Stress sensitivity of fractured and vuggy carbonate: An X‐ray computed tomography analysis

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Department of Geological and Mining Engineering and Sciences


Fractures, vugs, and pores constitute the main pore space in carbonate reservoirs. The associated pore structure—which is of key importance in terms of hydrocarbon production and fluid flow—varies with effective stress. However, there is a serious lack of data with regard to how precisely the pore morphology changes as a function of effective stress; we thus carried out in situ loading‐unloading experiments (up to 20 MPa effective stress) where two carbonate samples (fractured and vuggy) were examined with X‐ray computed tomography at high resolution in 3‐D. The results showed that after loading, porosity decreased exponentially, followed by an increase during unloading where it did not recover to its initial value. This was mainly because of the stress effect on large pore space (i.e., fractures and vugs). For fractured carbonate, the unrecovered porosity can be linked to similar reduction of the surface area and the average aperture of the fracture. Clearly, the changes in pore morphology were more significant in the fractured carbonate (including extension, connection, and disconnection of fractures) during both loading and unloading, while the vuggy carbonate experienced irreversible structural damage. The vuggy carbonate has bigger porosity variation than fractured carbonate to the mechanical loading‐unloading cycle. This work thus demonstrates how carbonate pore morphology changes with depth (higher effective stresses are encountered deeper in the reservoir) or during production (with hydrocarbon depletion the effective stress increases).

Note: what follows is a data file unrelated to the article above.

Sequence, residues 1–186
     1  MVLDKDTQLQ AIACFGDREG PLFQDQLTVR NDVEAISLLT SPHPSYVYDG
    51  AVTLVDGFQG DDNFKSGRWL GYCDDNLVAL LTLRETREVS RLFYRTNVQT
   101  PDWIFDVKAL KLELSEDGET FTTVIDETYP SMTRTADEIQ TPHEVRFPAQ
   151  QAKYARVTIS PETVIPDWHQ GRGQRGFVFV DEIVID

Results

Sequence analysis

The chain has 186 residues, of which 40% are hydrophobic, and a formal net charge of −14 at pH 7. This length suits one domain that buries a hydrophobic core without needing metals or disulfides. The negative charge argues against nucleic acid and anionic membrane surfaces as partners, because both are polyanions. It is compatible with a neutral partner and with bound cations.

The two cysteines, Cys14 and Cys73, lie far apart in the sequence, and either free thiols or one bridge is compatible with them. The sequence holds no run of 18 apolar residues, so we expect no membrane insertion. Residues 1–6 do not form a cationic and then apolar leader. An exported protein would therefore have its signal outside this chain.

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JGR Solid Earth